After scoring back-to-back hits in the ’70s with “Free Ride” and “Frankenstein,” Edgar Winter continues to be a strong musical force.
Winter, the younger brother of blues guitarist Johnny Winter, will perform with his band Thursday, Aug. 8, as part of the Rock ‘N’ Blues Fest at the Arcada Theatre, 105 E. Main St., St. Charles.
Ten Years After, Canned Heat, Rick Derringer and Pat Travers also are part of the bill. The show starts at 7 p.m., and tickets are available by going to www.oshows.com or by calling 630-962-7000.
Kane County Chronicle’s Eric Schelkopf had the chance to talk to Winter about his activities.
Eric Schelkopf: You performed with your brother, Johnny Winter, last year as part of the Rock ‘N’ Blues Fest. What’s it like being part of this festival?
Edgar Winter: It reminds me of Woodstock. I love those early festivals because they had such a wide variety of acts. The music was all over the place, as opposed to kind of a packaged show say with three blues guitar players.
Woodstock changed my life, so anything that reminds me of that is a good deal.
ES: How did it change your life?
EW: It changed my entire perspective on music. Back then, I was not that interested in pop or rock. I guess I thought of myself more as a serious musician.
Thankfully, I’ve gotten over that. I’m primarily thought of as a rocker, mainly because of “Frankenstein” being such a heavy instrumental. It’s almost a precursor of heavy metal.
I really love jazz and classical music as well, and part of what I’ve tried to do throughout my career is to play a wide variety of music and to broaden musical horizons.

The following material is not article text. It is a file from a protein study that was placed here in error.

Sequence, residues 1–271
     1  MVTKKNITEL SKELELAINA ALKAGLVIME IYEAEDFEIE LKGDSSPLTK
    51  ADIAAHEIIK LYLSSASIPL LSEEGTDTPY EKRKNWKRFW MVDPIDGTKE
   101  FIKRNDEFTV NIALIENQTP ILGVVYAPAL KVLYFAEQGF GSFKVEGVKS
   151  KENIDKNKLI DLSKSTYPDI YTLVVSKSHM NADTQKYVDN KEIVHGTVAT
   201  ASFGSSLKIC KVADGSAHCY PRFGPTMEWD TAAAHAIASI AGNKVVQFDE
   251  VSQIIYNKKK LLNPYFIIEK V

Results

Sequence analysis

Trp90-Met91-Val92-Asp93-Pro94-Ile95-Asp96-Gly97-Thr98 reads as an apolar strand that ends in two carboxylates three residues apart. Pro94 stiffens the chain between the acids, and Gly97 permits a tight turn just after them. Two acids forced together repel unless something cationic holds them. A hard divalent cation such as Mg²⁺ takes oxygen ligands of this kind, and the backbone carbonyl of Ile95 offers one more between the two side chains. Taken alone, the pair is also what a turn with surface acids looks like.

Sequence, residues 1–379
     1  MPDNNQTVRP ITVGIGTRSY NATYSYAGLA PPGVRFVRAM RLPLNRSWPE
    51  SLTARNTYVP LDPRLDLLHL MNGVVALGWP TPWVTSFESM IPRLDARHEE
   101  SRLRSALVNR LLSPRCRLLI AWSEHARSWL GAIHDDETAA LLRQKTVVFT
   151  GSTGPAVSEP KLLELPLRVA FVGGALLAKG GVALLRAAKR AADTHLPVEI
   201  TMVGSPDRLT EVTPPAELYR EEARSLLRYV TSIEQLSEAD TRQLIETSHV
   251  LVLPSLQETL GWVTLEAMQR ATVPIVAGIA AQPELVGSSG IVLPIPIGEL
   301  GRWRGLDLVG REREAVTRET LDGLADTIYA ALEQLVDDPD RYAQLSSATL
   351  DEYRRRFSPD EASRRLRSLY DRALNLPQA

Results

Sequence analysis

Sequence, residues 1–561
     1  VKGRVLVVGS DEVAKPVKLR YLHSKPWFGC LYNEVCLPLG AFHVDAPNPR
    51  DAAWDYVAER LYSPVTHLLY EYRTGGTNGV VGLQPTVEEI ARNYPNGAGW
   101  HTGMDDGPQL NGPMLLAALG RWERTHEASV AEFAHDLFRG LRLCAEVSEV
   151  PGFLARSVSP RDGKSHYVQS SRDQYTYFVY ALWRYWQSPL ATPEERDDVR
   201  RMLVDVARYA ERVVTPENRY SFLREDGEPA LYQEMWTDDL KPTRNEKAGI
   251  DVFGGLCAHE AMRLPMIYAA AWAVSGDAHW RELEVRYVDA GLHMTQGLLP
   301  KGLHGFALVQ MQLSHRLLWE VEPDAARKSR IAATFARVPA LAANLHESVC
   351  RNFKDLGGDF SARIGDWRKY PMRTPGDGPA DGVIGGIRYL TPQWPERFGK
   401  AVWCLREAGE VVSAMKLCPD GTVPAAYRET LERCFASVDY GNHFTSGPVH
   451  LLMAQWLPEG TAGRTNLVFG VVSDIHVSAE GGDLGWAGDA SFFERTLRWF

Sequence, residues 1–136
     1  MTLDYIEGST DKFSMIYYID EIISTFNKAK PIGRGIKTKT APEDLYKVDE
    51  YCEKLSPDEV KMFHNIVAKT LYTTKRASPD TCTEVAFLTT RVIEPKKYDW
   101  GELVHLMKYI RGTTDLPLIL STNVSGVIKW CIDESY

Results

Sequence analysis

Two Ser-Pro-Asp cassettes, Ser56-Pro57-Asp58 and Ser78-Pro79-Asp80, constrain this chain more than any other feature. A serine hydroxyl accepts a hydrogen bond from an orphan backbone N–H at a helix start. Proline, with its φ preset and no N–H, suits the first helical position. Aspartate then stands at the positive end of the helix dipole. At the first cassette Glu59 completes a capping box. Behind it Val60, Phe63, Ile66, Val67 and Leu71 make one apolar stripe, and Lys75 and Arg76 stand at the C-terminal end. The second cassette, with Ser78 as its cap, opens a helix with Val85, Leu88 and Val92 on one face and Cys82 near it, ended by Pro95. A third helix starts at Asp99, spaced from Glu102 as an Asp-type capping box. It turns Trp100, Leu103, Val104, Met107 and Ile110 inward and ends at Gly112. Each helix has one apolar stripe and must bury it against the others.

To me, there’s only two kinds of music – it either takes you somewhere, or it doesn’t. I’ve always considered myself something of a musical rebel. I’m sure I could have been far more financially successful if I thought of it as a business. I’ve never even thought of it in terms of a career or a business.
I love music. You’ll never hear Edgar Winter talking about a farewell tour. I’m in it to the end.
ES: Being on stage with your brother, how is that experience?
EW: Well, it’s always very emotional. Having grown up together and having learned to play together, Johnny and I have an almost telepathic kind of musical communication.
We know each other so well. He has always been my all-time musical hero, so whenever we get to play together, it’s very emotional.
ES: You were the first musician to strap on a keyboard. Why did you want to do that, just to make yourself more mobile?
EW: It seems like such a simple and obvious idea that I was amazed that no one had done it before. I was the first person to think of it.
I was horribly frustrated being stuck behind a big bank of keyboards. I just said, “Why do the guitar players get to have all the fun? I want to get out there and boogie.”
I’ll never forget that moment when I walked out on stage with my keyboard strapped on. Nobody had seen it before, and the crowd just went crazy. It was one of those real rock ‘n’ roll moments.
That gets into the whole story of “Frankenstein.” Back then, I was looking for a song to feature the synthesizer. Actually, I had written the main riff to “Frankenstein” back when I was playing with Johnny.
Back in those days, I had not recorded an album yet, and nobody even knew Johnny had a brother. He’d do the first part of the set with his blues trio, and then say, “And now I’m going to bring up my younger brother Edgar.”
And the audience would say, “Oh, wow, there’s two of them!” That riff was just the instrumental that I had devised mainly to just sort of introduce myself and showcase my instrumental talents.
The song ended up on the album “They Only Come Out At Night,” and before we knew it, it was a huge No. 1 hit. If I had any advice to give people who are just starting out, it would be to have fun.
Play the music you enjoy and whatever is closest to your heart. “Frankenstein” is an perfect example of that. It was just a song that we did for fun.